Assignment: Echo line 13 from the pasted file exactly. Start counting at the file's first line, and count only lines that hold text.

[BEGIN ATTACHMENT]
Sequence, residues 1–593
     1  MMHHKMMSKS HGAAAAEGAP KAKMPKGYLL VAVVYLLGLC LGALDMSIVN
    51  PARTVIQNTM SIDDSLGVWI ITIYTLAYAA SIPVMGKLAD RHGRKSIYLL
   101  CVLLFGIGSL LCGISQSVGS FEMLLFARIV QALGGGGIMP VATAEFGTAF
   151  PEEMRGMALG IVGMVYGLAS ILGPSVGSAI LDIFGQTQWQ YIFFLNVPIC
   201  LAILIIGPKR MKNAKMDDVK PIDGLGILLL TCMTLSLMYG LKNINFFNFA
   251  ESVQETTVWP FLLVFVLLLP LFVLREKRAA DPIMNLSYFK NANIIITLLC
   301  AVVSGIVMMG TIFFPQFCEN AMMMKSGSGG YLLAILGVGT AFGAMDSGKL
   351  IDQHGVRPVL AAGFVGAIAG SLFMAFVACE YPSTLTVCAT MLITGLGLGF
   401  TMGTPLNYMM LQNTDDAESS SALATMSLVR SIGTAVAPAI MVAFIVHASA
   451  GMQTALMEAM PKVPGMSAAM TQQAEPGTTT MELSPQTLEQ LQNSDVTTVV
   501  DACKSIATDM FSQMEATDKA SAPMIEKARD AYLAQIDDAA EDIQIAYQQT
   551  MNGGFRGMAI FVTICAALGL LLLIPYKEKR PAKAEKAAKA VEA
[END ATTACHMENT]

   551  MNGGFRGMAI FVTICAALGL LLLIPYKEKR PAKAEKAAKA VEA